Seyfarth Synopsis: Michigan’s Paid Medical Leave Act went into effect on March 29, 2019, but will it remain valid law? The Michigan Supreme Court is considering whether the state legislature’s action amending the law was constitutional. For now, employers should comply with the law as amended, but stay tuned for possible changes.

Michigan’s Paid Medical Leave Act (“PMLA”) went into effect on March 29, 2019. At least for now, Michigan employers need to comply with the PMLA as amended by the state legislature in December 2018. See our PMLA alert for information regarding compliance requirements. But the version of the law that went into effect in late-March might not be permanent.

As we previously reported, the new state legislature has requested that the Michigan Supreme Court issue an advisory opinion regarding the constitutionality of the amendments. As noted in our PMLA alert, Michigan’s paid sick leave law was originally a ballot initiative known as the Earned Sick Time Act (“ESTA”), which the outgoing GOP-controlled legislature approved last September in order to avoid the possibility of it passing by public vote. The lame duck legislature, through its power to amend, revamped ESTA and turned it into what is now the more employer-friendly PMLA. At issue is whether the legislature violated the Michigan Constitution by changing citizen-initiated laws during the same session in which they were enacted.[1]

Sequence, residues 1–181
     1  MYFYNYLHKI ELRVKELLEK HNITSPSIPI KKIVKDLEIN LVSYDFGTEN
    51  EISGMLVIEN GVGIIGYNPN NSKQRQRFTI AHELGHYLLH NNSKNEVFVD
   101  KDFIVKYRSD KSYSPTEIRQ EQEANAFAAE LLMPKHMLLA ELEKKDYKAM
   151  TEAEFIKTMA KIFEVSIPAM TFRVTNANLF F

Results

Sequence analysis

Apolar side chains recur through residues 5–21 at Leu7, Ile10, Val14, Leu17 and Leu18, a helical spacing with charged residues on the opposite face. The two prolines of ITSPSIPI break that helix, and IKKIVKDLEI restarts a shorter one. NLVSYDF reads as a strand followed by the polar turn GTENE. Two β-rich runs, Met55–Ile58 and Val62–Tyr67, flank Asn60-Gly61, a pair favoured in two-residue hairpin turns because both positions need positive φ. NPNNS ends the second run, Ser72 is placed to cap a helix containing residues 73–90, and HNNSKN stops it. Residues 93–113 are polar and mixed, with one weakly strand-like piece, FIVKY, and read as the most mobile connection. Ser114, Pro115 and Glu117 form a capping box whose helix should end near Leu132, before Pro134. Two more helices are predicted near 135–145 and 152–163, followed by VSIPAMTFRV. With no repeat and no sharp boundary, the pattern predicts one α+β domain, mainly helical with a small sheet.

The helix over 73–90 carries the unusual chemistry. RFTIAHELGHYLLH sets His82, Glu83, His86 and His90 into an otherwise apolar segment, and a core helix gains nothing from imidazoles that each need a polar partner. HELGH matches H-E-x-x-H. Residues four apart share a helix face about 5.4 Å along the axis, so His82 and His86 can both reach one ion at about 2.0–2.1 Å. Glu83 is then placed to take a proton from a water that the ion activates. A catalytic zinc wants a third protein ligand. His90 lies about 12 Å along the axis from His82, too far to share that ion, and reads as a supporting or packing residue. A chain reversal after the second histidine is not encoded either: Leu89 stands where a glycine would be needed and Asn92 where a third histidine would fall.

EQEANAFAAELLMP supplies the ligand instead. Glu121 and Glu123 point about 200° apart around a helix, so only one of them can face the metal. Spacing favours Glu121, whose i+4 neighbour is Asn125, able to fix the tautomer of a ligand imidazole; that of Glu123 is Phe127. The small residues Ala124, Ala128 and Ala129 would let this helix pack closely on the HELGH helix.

The Michigan Supreme Court is now considering the constitutionality of the PMLA. Oral arguments are scheduled for July 17, 2019. If the court ultimately decides to issue on advisory option and finds that the legislature’s amended paid sick leave law and the way it was passed are unconstitutional, it could pave the way for the law to eventually revert back to its pre-amendment version, summarized in our ESTA alert. We will be sure to keep you posted on further updates.